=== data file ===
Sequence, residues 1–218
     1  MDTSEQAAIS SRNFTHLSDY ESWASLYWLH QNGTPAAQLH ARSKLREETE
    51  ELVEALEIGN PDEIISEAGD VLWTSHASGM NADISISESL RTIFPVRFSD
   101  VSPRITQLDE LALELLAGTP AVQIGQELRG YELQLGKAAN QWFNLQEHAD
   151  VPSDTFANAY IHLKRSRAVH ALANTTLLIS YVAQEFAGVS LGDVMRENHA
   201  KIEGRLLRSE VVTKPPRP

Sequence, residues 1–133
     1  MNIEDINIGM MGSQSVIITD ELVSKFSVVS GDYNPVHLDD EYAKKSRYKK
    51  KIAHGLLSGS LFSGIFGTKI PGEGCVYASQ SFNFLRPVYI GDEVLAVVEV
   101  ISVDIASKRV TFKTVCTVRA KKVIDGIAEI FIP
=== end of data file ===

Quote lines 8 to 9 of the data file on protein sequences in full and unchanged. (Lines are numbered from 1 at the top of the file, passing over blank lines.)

     1  MNIEDINIGM MGSQSVIITD ELVSKFSVVS GDYNPVHLDD EYAKKSRYKK
    51  KIAHGLLSGS LFSGIFGTKI PGEGCVYASQ SFNFLRPVYI GDEVLAVVEV